Hemp is making a comeback in nearly every industry, transportation included.
Although hemp was first used by Henry Ford in 1941 and can still be found in many cars today, the Kestrel is the first modern car to be built primarily out of hemp.
Fittingly, the car was designed in Canada by Calgary-based Motive Industries Inc. Unlike the U.S., the Canadian government welcomes hemp farming and actively invests in the industry.
The Kestrel is a three-door hatchback that runs on battery power and is made from “hemp composite as strong as the fiberglass in boats, yet incredibly lightweight,” Nathan Armstrong, the president of Motive Industries, explained to Popular Science. The composite is made from infusing hemp stalks with polymer resin.
Weighing only 2,500 pounds, the Kestrel has a better fuel-efficiency than other electric cars, Armstrong also stated. He’s optimistic that Motive has pinpointed what “might be the sweet spot for electric vehicles.”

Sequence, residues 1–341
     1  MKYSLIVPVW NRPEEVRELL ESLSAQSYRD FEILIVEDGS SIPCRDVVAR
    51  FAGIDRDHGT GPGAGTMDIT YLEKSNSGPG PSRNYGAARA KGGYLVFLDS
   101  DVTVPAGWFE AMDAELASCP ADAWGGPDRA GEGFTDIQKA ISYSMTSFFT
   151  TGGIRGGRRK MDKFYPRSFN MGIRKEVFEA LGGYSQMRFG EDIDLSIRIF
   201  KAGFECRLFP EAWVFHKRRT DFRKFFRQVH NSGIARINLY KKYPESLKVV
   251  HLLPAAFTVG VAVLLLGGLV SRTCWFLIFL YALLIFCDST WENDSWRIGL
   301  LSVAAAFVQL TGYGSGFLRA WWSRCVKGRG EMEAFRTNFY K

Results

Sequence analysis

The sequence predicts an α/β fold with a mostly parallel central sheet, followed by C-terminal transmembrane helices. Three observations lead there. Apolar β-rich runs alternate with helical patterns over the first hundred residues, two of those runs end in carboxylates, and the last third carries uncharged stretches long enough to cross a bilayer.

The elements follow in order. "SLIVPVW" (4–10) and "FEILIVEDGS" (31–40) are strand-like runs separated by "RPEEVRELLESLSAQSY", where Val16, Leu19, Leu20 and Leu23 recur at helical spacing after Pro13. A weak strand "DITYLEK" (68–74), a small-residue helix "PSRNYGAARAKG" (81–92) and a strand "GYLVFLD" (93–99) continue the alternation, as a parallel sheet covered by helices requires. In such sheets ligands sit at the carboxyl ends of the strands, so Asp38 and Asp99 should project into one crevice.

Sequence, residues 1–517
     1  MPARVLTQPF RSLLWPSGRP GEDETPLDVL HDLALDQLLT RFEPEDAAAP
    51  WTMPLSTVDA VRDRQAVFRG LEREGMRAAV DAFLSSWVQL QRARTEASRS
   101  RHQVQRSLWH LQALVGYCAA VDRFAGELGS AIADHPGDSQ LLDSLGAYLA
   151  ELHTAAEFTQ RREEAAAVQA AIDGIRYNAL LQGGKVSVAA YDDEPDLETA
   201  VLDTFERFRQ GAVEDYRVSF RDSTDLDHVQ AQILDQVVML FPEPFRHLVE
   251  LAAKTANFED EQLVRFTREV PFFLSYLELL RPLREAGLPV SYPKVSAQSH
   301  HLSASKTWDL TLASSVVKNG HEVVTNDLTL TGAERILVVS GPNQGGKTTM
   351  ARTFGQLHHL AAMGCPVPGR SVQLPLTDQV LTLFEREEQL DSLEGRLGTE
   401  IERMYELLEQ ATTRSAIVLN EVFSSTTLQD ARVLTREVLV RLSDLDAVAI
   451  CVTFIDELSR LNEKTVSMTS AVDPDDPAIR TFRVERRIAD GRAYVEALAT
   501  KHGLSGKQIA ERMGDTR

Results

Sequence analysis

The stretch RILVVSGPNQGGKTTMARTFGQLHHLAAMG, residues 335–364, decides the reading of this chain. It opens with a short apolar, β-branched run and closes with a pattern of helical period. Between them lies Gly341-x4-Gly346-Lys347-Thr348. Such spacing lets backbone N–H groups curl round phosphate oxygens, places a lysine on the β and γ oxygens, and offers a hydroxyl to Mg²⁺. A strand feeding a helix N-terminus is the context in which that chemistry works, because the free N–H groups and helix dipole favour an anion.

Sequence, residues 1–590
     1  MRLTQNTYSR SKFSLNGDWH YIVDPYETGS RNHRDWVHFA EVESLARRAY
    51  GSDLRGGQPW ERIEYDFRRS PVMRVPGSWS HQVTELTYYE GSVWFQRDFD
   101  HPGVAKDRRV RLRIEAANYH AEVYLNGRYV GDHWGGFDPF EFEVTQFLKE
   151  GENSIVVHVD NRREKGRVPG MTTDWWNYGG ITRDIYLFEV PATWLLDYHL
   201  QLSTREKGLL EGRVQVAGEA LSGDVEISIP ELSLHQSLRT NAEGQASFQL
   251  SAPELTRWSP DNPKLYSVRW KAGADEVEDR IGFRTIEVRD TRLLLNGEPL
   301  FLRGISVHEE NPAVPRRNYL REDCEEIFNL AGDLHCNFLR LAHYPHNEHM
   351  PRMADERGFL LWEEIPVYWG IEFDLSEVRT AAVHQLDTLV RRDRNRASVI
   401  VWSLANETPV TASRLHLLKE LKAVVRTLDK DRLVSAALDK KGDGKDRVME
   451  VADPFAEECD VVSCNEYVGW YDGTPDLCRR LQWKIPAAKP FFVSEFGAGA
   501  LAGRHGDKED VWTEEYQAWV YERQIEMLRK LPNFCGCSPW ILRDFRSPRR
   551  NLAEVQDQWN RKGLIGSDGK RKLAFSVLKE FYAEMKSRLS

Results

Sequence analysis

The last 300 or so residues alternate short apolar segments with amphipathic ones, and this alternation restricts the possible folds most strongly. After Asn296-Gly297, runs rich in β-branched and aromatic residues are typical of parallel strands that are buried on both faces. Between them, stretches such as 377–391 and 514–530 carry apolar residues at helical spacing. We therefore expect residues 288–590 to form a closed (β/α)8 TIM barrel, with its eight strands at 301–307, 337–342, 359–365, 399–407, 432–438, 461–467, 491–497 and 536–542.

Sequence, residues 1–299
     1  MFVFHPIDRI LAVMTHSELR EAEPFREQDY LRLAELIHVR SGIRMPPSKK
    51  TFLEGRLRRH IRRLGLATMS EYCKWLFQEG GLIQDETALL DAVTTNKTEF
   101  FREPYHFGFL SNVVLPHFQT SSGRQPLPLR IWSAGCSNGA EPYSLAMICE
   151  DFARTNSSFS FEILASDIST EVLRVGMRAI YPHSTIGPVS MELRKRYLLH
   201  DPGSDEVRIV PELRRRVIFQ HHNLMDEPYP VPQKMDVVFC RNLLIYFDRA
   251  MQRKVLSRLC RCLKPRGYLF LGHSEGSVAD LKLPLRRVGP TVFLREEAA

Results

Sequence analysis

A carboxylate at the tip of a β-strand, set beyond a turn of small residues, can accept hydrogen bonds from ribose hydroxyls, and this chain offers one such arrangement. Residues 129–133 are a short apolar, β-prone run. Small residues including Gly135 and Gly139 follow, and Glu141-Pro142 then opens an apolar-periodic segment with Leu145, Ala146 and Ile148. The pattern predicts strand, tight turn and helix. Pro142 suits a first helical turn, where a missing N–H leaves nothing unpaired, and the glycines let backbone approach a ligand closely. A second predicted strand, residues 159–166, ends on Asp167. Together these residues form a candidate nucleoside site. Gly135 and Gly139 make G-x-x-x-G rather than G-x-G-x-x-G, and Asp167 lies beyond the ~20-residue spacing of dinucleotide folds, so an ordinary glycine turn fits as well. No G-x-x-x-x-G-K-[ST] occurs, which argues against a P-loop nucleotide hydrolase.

Unlike most electric vehicles, the Kestrel relies entirely on electrical power. A 16 kWh lithium-ion battery will allow the Kestrel to go up to 160 km per charge, with a top speed between 90 to 130 km/hr.
Over the last three years of prototyping, Motive Industries has received global interest from countries as far away as India. It’s also attracted the attention of celebrities such as Ziggy Marley, who reportedly gifted a Kestrel door panel to the owners of KNACKA – an Oregon-based hemp shop – last week.
Unfortunately, delays have pushed the deadline for commercial production past Motive’s initial goal of 2012.
But when the Kestrel finally becomes available to buyers, the line-up will likely be long.
Motive expects the hemp car to be priced at $25,000 – an investment that will surely appeal to the many drivers who see no end in rising gas prices.